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Men of Soul will perform at Black Spectrum

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Music lovers are in for a treat on Aug. 23rd when the singing duo Men of Soul brings their soaring voices and electrifying moves to Black Spectrum Theatre for Assemblyman William Scarborough’s (D-St. Albans) summer fund-raiser.

The show, billed as a comedy and soul night, will feature singing sensations Stan Hampton of Jamaica and Tony Riley, who have been performing as Men of Soul for the past 17 years.

“Tony does the moves,” said Hampton, who has been singing since his siblings pushed the precocious young soul man to sing along with radio hits at age 5.

The 53-year-old lifelong postal worker is delighted just to step back and let his partner dance since he causes audiences’ jaws to drop.

“He’s so good, you’d think there were all five guys on stage with him,” he said, referring to the Temptations, whose synchronized trademark dance steps thrilled fans and propelled them into rock n’ roll immortality.

People who have heard Stan and Tony are enthralled by the quality and power of their voices. Alternating on lead vocals, they arrive to gigs with a sophisticated sound system that provides the musical backing tracks, which are pre-recorded by a professional. Typical sets consist of 15 to 20 numbers.

As with most musicians, Hampton’s goal has always been to land a recording contract. “I got a lot of deals,” he said, “but they all fell through.” As competitive as the music business is, it takes good contacts to have a realistic shot, Hampton said.

Though he once signed a three-year deal with an independent label, he never even got the chance to record a track because the company collapsed.

But Hampton has carried on, adjusting his attitude and not letting a lack of commercial success get him down. “I don’t let it bother me anymore,” he said. “I’m still going to make it one day.” Indeed, he tells his son, who himself is a professional singer, that they are going to meet one day at the top.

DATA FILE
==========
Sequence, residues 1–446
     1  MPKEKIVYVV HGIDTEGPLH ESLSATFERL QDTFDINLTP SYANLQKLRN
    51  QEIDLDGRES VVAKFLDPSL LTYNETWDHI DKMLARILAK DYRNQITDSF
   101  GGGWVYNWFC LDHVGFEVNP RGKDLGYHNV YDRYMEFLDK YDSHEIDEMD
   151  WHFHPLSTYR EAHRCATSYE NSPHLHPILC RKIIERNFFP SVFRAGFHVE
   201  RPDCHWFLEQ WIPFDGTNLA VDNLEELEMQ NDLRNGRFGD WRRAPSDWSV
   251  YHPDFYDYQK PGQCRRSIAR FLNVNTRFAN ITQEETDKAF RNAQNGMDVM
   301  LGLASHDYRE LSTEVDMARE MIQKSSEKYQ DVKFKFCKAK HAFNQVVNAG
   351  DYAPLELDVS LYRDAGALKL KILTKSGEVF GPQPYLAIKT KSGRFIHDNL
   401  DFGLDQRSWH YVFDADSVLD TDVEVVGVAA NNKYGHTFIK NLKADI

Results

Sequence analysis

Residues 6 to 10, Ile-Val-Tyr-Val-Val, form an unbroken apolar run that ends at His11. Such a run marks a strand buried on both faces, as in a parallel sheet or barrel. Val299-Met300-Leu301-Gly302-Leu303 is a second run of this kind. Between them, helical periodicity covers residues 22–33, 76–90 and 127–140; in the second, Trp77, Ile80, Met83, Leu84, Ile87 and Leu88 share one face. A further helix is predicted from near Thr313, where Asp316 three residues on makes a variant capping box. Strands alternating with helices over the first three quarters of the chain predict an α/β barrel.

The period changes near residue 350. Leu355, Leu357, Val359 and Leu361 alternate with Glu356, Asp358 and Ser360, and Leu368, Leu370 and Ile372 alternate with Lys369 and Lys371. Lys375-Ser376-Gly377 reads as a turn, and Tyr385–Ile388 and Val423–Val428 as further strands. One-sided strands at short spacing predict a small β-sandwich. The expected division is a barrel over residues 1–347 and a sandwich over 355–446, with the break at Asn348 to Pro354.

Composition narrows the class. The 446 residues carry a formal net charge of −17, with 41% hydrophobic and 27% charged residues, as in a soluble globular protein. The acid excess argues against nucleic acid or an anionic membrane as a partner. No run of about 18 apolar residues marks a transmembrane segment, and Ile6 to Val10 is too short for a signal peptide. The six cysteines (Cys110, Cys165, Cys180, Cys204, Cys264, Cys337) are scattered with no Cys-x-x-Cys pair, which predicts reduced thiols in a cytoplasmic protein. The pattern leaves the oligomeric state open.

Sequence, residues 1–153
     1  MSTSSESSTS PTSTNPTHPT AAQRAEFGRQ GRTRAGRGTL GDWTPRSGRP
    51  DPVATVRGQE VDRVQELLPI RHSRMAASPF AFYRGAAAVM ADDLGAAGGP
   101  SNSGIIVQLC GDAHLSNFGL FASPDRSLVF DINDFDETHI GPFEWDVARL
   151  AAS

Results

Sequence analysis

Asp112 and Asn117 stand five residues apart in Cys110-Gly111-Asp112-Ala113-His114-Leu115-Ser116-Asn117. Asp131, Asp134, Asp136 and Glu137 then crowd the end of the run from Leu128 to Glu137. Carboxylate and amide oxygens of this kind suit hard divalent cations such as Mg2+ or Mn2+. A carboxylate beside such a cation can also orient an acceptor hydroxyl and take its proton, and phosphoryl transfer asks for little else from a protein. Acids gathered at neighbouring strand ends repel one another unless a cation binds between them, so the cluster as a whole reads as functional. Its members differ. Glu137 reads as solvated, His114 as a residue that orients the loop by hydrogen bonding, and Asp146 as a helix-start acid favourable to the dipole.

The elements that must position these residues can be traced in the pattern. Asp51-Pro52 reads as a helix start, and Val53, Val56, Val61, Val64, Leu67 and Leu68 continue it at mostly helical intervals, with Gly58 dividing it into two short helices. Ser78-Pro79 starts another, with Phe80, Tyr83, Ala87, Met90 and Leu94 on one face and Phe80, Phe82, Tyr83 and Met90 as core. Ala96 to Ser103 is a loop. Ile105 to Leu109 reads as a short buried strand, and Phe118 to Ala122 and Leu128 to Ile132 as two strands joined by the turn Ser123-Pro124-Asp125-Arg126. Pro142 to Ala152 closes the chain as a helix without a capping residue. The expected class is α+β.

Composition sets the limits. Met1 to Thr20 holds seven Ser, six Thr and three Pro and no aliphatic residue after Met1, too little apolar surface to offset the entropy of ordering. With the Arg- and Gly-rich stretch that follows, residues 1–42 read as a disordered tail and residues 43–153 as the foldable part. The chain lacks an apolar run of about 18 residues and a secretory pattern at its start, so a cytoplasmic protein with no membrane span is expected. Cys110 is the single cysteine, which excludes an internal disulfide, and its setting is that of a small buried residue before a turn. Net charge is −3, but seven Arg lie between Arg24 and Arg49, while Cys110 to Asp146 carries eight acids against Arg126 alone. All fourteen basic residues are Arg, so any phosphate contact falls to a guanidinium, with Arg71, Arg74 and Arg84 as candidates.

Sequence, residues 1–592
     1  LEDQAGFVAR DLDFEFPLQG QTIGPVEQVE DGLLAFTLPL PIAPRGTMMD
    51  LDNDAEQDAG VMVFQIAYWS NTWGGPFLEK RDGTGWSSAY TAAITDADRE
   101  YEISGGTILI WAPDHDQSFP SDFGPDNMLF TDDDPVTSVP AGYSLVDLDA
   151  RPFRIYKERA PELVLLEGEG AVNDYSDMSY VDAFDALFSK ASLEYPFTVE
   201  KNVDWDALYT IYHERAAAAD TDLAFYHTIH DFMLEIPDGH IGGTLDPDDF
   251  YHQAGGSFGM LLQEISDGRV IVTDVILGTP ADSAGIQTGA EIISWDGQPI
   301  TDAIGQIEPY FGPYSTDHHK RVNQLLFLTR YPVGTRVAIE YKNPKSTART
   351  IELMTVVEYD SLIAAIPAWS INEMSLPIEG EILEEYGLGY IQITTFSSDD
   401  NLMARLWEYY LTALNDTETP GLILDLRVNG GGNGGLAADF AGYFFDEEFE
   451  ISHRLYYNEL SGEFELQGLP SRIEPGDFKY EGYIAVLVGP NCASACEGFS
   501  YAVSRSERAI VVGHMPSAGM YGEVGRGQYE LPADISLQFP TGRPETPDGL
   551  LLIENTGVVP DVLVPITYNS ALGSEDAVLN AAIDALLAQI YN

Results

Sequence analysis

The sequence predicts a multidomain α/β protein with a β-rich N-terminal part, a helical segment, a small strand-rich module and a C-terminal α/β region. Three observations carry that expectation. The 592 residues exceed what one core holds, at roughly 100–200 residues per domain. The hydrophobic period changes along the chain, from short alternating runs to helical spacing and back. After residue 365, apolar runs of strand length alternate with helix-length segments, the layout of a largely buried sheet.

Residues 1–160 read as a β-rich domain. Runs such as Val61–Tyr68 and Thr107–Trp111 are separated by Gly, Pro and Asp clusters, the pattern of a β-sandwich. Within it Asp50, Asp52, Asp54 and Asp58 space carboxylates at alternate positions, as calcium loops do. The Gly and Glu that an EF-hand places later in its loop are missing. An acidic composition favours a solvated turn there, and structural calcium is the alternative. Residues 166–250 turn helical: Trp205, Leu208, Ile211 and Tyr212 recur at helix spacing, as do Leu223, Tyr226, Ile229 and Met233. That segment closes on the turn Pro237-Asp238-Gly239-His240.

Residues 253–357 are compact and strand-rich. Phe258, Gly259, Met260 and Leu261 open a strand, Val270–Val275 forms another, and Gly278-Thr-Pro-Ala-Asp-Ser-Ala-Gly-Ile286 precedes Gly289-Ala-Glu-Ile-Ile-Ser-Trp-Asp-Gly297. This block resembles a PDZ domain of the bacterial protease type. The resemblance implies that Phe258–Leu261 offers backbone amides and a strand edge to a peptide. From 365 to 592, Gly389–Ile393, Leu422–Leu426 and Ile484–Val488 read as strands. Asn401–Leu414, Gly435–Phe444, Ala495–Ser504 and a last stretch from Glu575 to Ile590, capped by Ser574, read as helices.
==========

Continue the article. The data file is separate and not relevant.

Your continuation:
Hampton’s claim to fame, he said, is having been booed off the stage at the famed Apollo Theatre in Harlem. At the televised appearance, Hampton was forced to stop in the middle of his song because the vocal rejections by the audience wouldn’t let up. His saving grace about the experience is that it was by anyone’s assessment an understandable case of a performer mismatched to the audience. They were a hip-hop crowd, a young crowd with raw emotions spilling out to the aisles. He sang a Teddy Pendergrass tune, “Only You.” It wasn’t a slow ballad, but an up tempo tune. But it was like mixing 70’s disco with 90’s grunge, he said. The combination was just wrong.

Hampton and Riley have two self-released CDs that they sell at their performances, one which they just finished last month. Hampton also has a solo CD of gospel music. Like many artists who have gone into mainstream Rock ‘n’ Roll, he has not strayed far from his gospel roots.

Hampton is a known presence as part of the musical scene to his Jamaica, Queens community where he grew up and still lives. He can be found from time to time at Thomasina’s, a Queens catering hall where he handles the sound system for the famous acts that appear there. He was there when the Temptations appeared with their second original lead singer, Dennis Edwards, who was the voice of such classics as “Papa Was A Rolling Stone,” “Cloud Nine,” “Runaway Child Running Wild” and “A Song For You.”

Men of Soul’s appearance at the Aug. 23 fund-raiser at the Black Spectrum Theatre in Roy Wilkins Park, is a must-see for anyone who remembers those records and has kept them as treasures in their personal musical retrospectives. Hear brilliant recreations of classic songs by the Temptations, the Four Tops, Sam Cooke, Sam & Dave, the great Otis Redding, the Ojays, and much more with these two electrifying performers on one electric night.

For information about tickets, call Andrew Barnes at 516-503-9096.

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